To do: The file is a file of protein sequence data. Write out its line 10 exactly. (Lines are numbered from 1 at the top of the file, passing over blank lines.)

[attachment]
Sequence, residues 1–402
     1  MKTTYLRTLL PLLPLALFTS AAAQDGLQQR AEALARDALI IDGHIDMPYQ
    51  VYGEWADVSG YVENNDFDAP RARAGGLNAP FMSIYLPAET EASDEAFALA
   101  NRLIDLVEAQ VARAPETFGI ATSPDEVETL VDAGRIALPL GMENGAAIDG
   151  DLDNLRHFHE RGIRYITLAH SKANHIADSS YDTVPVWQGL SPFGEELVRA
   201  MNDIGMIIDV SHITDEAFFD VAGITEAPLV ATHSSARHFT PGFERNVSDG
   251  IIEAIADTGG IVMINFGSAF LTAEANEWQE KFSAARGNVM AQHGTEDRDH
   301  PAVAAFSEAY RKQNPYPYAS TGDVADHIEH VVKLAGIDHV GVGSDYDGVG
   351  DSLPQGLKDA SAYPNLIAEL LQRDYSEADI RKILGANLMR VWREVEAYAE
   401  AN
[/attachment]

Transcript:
   401  AN